The SMB Owner’s Guide to Incident Response Plans

A chicken-with-its-head-cut-off response just won’t do when you’re defending against cyberattacks. An effective incident response plan could save your small business from disaster.

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If we learned one thing from 2020, it’s that you can never be prepared for every possibility. Still, as a small business owner, it’s essential to plan ahead. And as unpleasant as it can be, thinking about how you’ll handle unexpected obstacles can make the difference between long-term success and sudden implosion.

One of those possible — and, in truth, probable — issues is a cyberattack, the likelihood of which grows every day. Whether through phishing, malware, ransomware, or advanced persistent threat, there’s a good chance your business will experience a nefarious cyber event at some point in the future. The difference between hiccup and disaster, however, could be your cybersecurity incident response plan.


Overview: What is incident response?

An incident response plan details protocols you’ve put in writing for how you’ll handle unexpected disasters. These can include weather events, such as hurricanes; manufacturing mishaps, such as equipment downtime or a fire; and even workplace violence.

In today’s world, a cyberattack incident response plan is essential. Small businesses are big targets for cybercriminals, yet they often don’t have the resources to react in a timely manner to defend against the attack.

According to Nick McCourt, cybersecurity engineer at Tier One Technology Services, the plan should include responses to any malicious or non-malicious anomaly detected in your network.

“This does not mean a breach has occurred,” he says. “This means something has happened that can pose an issue to the confidentiality, integrity, or availability of the organization.”


3 benefits of an incident response plan

Simply put, an incident response plan can save your business.

The Verizon Data Breach Investigations Report found that 71% of cyberattacks target businesses with fewer than 100 employees, and the average cyber attack costs a business more than $200,000. Such a loss could be devastating to a small company.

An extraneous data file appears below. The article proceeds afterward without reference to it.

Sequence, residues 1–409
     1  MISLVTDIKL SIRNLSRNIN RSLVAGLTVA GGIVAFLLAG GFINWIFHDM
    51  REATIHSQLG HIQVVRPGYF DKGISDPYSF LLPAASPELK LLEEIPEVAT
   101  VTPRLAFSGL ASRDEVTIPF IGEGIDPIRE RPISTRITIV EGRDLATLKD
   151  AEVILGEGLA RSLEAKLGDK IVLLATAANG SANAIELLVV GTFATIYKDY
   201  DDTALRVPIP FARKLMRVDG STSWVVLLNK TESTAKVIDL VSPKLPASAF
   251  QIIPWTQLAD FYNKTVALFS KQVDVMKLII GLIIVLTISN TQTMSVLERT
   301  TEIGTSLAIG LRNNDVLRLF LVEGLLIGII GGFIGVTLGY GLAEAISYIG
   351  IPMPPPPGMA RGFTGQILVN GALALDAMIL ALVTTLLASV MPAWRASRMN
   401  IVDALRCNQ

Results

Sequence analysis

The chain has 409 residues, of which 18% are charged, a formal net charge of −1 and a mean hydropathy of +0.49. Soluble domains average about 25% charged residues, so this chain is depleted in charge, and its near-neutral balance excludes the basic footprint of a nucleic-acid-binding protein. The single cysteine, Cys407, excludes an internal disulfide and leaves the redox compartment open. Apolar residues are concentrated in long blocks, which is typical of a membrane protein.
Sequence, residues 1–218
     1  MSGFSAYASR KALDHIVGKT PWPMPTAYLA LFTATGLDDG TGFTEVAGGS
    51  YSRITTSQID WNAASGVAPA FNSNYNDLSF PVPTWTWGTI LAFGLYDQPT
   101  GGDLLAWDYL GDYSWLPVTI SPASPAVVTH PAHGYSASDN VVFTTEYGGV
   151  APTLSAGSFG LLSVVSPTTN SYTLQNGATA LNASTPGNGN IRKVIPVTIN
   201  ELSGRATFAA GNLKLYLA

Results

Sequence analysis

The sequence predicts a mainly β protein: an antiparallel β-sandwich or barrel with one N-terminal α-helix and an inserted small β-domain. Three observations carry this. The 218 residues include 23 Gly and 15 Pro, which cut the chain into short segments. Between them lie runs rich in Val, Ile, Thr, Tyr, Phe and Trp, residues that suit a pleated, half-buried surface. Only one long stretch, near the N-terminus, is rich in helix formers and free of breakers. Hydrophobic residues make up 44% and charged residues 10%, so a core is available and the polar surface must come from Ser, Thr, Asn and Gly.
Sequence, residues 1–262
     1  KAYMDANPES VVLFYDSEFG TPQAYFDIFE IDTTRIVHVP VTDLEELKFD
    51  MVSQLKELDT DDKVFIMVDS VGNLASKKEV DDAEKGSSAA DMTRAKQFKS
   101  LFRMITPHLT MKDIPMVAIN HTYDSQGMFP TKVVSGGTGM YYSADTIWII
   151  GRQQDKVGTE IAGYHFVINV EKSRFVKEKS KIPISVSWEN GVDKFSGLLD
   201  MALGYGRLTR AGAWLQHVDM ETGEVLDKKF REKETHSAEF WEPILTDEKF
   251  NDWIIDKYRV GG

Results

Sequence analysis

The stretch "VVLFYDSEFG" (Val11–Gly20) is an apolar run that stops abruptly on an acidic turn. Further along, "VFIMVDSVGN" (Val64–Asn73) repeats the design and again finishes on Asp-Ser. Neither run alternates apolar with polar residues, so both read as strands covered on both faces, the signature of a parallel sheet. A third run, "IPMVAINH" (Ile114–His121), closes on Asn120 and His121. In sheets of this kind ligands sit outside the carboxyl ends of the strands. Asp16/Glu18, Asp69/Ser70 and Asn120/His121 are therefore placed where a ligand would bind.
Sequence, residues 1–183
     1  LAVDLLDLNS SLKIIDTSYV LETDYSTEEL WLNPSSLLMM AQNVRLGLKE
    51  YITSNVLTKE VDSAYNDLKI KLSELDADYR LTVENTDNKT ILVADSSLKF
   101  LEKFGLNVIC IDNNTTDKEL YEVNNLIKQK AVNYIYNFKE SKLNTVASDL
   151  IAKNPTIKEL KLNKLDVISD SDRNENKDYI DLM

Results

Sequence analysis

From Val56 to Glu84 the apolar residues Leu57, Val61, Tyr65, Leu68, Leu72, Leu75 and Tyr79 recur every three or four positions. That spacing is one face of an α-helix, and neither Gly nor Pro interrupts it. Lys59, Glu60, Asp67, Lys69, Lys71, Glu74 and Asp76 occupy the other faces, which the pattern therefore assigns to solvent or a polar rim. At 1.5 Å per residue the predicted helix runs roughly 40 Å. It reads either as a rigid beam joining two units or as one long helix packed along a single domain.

“Having an incident response plan is the best way to protect your company,” says Dennis Bell, founder and CEO of Byblos Coffee. “An incident response plan helps me in mitigating the risk of a breach or an attack. It gives me the confidence to face a security threat. There's no need to worry about such issues damaging my business activities because I know I have an incident response plan to use. It is an excellent way to maintain public trust whenever I face a difficult situation.”


Why do you need an incident response plan?

1. Better prepare yourself

Putting your defense plan in writing requires you to think through potential threats and the steps you will take when they are detected. This allows you to hit the ground running rather than aimlessly wondering what to do next. If you haven’t identified the actions to mitigate or prevent a cyberattack, you leave yourself at the attacker’s mercy.

“Many business owners go into panic mode when [disaster] hits their base of operations,” says Michael Curtis, president of The Response Team Inc. “Having a plan in place allows for the business owners to use a tool to help weed through that chaos and take care of the people, the incident (if possible), their property, and other priorities.”

2. Temper your stress response

If your threat-hunting efforts suddenly uncover a ransomware attack, you probably won’t be thinking clearly as you consider paying a hacker tens of thousands of dollars for your data or control of your network.

If you pull out your incident response plan, however, you can rest assured you won’t forget any important actions, saving crucial moments that could spare many of your assets.

“When you are in the midst of a security incident, your stress levels are heightened, and time is against you,” notes Eugene Wright, managing director of Stratus Security Consulting. “You need to be able to respond quickly and methodically as any misstep could cause significant damage to your business's reputation and bottom line.